You can use S3 as a static website hosting platform. The difference between static and dynamic websites is that dynamic websites receive and process user input. Static websites are used only for displaying information.

With the advent of Single Page Applications, you can host a complete web app on S3, often free of charge.

Frameworks like React and Angular have made user input processing happen within the browser. You can build a SPA that listens to third party APIs and host it within S3.

S3 also has great support for routing, so you can use your own custom domain as well.

I recently wrote an article on hosting a React web app using S3 and you can find the article here.


You can run queries on your S3 data without moving your data to an analytics platform. This makes S3 a great use case for building powerful analytics applications.

S3 offers multiple options including S3 Select, Amazon Athena, and Amazon Redshift Spectrum. You can also combine these with AWS Lambda to perform data processing on the fly.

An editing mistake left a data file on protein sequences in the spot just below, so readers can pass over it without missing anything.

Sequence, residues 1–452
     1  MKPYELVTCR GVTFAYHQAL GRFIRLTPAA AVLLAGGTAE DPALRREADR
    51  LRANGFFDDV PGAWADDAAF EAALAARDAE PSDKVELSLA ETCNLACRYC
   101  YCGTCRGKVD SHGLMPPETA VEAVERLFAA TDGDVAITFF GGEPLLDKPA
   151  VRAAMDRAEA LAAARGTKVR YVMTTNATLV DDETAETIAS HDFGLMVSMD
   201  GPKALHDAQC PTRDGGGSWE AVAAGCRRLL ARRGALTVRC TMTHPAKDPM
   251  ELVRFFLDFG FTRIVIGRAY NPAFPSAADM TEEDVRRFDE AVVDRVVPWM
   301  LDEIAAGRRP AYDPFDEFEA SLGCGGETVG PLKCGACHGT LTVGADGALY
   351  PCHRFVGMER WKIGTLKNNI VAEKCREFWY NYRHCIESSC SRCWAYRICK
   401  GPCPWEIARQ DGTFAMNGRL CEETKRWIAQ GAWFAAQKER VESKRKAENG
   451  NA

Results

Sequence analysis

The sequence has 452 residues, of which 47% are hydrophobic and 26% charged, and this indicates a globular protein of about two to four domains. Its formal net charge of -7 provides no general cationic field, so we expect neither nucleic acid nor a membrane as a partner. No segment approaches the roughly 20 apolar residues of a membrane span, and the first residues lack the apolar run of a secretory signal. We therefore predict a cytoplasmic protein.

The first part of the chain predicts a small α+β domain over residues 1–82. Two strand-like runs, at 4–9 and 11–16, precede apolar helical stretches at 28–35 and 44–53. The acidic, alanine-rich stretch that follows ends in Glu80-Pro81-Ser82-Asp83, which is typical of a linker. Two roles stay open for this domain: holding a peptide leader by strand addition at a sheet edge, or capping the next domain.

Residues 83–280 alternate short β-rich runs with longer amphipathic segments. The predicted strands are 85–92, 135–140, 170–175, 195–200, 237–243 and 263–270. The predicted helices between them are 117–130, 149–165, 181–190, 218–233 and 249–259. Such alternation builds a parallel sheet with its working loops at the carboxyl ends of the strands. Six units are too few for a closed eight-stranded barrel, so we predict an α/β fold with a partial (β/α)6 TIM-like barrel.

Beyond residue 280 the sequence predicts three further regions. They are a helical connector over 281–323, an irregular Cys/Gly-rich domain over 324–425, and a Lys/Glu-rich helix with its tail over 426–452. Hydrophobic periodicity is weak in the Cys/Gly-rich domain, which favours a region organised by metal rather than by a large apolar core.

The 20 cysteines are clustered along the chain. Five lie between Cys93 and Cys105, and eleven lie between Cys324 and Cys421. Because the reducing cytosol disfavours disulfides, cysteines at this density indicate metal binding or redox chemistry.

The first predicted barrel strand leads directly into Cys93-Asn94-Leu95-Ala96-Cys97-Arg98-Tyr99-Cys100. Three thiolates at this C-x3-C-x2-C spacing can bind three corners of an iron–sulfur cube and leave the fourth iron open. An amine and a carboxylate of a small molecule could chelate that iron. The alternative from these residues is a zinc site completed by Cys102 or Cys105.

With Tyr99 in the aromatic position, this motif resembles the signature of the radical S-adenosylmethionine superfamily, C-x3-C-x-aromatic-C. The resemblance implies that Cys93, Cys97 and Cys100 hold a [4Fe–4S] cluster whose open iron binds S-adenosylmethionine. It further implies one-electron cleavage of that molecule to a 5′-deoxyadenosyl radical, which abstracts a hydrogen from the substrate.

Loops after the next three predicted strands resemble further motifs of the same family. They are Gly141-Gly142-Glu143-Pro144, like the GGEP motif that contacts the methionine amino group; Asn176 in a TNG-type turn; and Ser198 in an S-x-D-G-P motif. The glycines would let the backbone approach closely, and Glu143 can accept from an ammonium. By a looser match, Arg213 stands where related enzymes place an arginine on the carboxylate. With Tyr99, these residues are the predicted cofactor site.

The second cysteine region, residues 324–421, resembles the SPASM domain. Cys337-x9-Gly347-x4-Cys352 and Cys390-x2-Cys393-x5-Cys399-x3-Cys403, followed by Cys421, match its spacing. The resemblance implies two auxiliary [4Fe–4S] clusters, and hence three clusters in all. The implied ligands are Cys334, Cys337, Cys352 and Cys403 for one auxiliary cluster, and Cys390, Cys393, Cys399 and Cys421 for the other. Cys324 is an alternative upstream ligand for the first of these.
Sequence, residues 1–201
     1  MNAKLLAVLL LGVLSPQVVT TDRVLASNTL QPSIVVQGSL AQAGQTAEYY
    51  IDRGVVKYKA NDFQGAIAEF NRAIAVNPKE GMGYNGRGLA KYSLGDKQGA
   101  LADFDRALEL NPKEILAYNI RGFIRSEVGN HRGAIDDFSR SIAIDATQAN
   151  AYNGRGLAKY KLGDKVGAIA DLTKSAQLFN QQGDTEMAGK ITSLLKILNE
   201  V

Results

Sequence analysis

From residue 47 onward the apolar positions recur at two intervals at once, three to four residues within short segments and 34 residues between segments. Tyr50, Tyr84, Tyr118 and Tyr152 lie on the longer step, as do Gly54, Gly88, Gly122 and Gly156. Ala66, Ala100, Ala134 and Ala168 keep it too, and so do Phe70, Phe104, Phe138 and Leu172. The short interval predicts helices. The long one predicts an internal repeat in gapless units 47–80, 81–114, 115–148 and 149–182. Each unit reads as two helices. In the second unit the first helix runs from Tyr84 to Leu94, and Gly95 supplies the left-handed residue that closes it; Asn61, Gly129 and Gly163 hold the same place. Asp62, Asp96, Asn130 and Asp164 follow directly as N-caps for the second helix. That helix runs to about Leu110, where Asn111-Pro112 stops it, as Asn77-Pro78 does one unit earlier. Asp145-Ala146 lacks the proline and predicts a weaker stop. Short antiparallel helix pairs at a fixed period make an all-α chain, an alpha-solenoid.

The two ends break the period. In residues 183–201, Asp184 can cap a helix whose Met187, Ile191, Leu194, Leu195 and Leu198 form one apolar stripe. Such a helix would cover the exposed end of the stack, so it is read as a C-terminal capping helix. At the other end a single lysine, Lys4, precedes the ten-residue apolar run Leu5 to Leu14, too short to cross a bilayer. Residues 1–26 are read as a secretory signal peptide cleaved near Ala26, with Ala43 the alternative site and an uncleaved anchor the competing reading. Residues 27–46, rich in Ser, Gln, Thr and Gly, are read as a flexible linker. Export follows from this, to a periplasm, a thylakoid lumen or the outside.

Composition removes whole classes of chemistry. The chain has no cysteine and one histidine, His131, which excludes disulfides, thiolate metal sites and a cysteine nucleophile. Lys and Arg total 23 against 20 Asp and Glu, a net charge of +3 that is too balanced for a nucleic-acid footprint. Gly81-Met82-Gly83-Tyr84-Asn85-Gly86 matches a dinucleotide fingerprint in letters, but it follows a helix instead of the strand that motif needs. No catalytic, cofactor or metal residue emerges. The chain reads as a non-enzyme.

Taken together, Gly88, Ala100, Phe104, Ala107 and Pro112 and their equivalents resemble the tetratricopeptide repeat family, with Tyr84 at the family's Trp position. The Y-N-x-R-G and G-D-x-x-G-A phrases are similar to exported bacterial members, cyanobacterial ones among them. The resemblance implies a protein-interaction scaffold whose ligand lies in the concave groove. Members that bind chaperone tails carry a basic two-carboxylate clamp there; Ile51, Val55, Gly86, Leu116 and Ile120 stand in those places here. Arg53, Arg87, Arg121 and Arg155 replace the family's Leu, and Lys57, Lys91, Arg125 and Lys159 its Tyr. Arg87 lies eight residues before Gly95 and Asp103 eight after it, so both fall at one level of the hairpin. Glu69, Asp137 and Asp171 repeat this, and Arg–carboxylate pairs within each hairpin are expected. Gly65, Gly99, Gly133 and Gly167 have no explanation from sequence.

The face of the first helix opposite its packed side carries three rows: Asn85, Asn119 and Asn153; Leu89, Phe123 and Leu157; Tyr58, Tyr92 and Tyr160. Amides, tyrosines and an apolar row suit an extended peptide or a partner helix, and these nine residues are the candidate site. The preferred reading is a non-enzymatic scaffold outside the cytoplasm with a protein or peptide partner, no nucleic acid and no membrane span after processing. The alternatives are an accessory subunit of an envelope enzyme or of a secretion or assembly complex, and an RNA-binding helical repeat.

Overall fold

File Sharing

Amazon S3 can be also used as a cheap file sharing solution. Like I mentioned earlier in the article, the famous file sharing service Dropbox was first built on top of S3.

With flexible security policies, you can configure your S3 buckets with custom permissions for different customers. S3 also offers transfer acceleration to speed up large file transfers across longer distances.


Amazon S3 is a great tool to work with for your web or mobile application storage requirements. With on-demand pricing and scalability at its core, S3 has been the favored cloud storage solution for small and large businesses alike.

Companies from Netflix to Pinterest trust S3 with their data, thanks to the 99.999999999% data durability promise from Amazon.

You can also use Amazon S3 as a personal storage solution or host your next project via static site hosting. In a nutshell, S3 is a great multi-purpose storage solution catering to a wide range of use cases.

I regularly write about Machine Learning, Cyber Security, and AWS. You can signup for my weekly newsletter here.